FAQs – New Software requests and replacement of IT and AV equipment

Q: When is software updated and why?

Every year, IS&T updates the Managed Desktop with newer software and slightly different settings. We frequently make minor updates to core software (such as browsers and plug-ins) to maintain security and provide new features. We make the major changes once a year, over the summer, to avoid disrupting the business of the University.

We also deploy new versions of teaching software into our teaching rooms each summer to avoid any staff or students having to change the software they use midway through the teaching year.

Q: How do I request new software?

There are two ways to request software

  • the primary method is part of the annual or business planning process so money can be approved to purchase software.
  • IS&T also has some funding available for in year purchase so urgent or small purchases can be made throughout the academic year by contacting IT Help.

In both cases purchases need appropriate faculty or directorate approval

The University already has a large software portfolio so may already own the software you need or something similar. A list of software available for use in teaching can be found on the SHU Software List

Q: What is the annual planning process for software?

Your directorate or faculty will have its own process for requesting new software. For software which is needed for the start of teaching in semester 1 (September) or semester 2 (February), you will typically need to submit your request through your subject group leader (via your line manager) who will forward it on to the member of staff co-ordinating the business planning items for your Faculty. IS&T needs all requests from the Faculties business planning process by 7 April. How long before that date you need to submit your request depends on how long your faculty or department takes to coordinate them.

IS&T can help with costing and sourcing software so if you are thinking of asking for software, please contact IT and a member of IT staff will contact you to help cost what you need.

Q: What if I have a request during the course of the year

These are known as ‘In year’ requests. For these, please get approval from your faculty and contact IT Help with your request and we will do our best to meet you requirements.

Q: What if I need new equipment?

The process is the same as for new software. Your faculty or directorate will need to consider your requirements along with all the others and then decide what they want to request from IS&T.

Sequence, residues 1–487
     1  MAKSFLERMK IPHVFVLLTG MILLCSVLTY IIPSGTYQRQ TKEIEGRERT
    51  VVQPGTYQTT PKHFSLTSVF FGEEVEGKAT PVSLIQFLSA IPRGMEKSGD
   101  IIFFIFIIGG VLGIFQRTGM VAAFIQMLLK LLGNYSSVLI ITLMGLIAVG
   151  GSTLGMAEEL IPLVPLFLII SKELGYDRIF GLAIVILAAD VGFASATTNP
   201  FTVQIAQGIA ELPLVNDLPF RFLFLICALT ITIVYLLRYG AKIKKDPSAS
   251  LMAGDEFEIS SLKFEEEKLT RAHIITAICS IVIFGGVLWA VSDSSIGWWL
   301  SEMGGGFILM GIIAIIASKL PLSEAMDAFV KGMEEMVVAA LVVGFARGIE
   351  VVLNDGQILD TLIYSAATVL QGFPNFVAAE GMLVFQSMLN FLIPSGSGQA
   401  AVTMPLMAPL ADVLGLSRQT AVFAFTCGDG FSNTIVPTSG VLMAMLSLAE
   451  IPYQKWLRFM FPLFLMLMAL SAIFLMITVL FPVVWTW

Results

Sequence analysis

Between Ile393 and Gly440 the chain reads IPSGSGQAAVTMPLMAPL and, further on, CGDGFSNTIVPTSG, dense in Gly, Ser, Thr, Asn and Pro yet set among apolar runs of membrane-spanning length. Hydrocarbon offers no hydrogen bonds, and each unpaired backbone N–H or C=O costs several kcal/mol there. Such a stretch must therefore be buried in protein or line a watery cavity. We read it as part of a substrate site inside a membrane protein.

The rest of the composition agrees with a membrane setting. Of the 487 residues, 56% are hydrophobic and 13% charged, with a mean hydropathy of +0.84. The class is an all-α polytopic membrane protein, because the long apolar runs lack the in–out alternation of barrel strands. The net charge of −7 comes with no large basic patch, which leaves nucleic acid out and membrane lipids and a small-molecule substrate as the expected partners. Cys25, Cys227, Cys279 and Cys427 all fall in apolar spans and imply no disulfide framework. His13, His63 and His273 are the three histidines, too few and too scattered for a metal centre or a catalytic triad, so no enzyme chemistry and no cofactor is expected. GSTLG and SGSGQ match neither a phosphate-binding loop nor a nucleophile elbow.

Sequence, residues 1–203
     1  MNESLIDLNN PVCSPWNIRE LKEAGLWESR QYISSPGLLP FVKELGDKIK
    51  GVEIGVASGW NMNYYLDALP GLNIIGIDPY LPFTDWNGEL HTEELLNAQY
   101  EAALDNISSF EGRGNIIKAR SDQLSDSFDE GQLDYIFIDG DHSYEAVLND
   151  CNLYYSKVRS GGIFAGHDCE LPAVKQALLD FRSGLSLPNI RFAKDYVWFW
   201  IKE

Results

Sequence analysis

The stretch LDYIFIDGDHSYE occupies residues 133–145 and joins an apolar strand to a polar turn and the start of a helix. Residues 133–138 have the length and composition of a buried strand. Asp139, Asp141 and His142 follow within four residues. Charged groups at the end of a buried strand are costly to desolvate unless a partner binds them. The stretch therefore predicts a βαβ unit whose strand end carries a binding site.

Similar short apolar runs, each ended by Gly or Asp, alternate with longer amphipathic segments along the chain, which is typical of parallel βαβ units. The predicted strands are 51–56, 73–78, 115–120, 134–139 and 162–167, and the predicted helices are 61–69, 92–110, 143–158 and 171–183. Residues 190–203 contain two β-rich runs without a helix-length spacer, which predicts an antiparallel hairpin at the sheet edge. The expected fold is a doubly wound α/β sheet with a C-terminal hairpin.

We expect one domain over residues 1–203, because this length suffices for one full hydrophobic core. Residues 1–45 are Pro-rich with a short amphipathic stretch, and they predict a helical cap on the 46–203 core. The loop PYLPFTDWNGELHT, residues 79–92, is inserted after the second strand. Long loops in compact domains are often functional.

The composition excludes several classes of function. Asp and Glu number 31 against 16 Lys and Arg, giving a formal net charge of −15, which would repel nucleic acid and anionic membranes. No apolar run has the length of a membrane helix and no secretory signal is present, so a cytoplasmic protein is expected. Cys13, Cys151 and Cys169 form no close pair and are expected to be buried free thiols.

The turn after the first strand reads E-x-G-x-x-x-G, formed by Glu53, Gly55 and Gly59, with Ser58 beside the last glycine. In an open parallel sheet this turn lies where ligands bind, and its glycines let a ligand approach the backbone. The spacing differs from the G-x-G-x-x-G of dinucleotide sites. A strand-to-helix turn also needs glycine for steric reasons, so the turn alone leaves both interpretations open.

Q: How often are PCs and AV systems replaced?

We replace PCs and AV equipment as they get older on an annual cycle to ensure that we have equipment which is reliable. You should not need to request this as IS&T have an ongoing programme of replacing equipment as it reaches its 5th year. Where there is a need for high specification PCs to run specific software, such as computer modelling software, we will replace PCs on a shorter cycle and reuse them to other locations.

Q: I need software only on my PC and not for teaching rooms – how do I request this?

If you need some software to run on your own PC, that’s more straight forward, as long as there’s a budget for it. You can refer the request through your line manager for approval and, if approved, they will forward it on to IS&T for consideration.

Q: How do I work out the cost of the software or equipment I need? Can you help me?

You can look online to see an indicative price for the software. There is usually an educational discount of about 10 per cent. It’s not always straightforward though so you may need our help with checking things like how many licenses you will require.

IS&T can help with costing and sourcing software so if you are thinking of making a request, please contact us for assistance.

Q: How do I make sure it’s ready in time for my teaching for the start of the academic year?

You need to make sure your faculty or department has requested it by the April deadline and be available to test it before it is finally installed. If you are planning on going away over summer, please tell us in plenty of time. It will also help if you give us the name of someone else who can test the software while you aren’t around. (Although, obviously, you will need to make sure they are happy and available to do so first.)

We aim to have all software ready by the end of August at the latest but you will need to test it to ensure it all works as you require before we can install it in the PC Labs.

Q: Why does it take so long for my new software to be installed? I requested it a long time ago?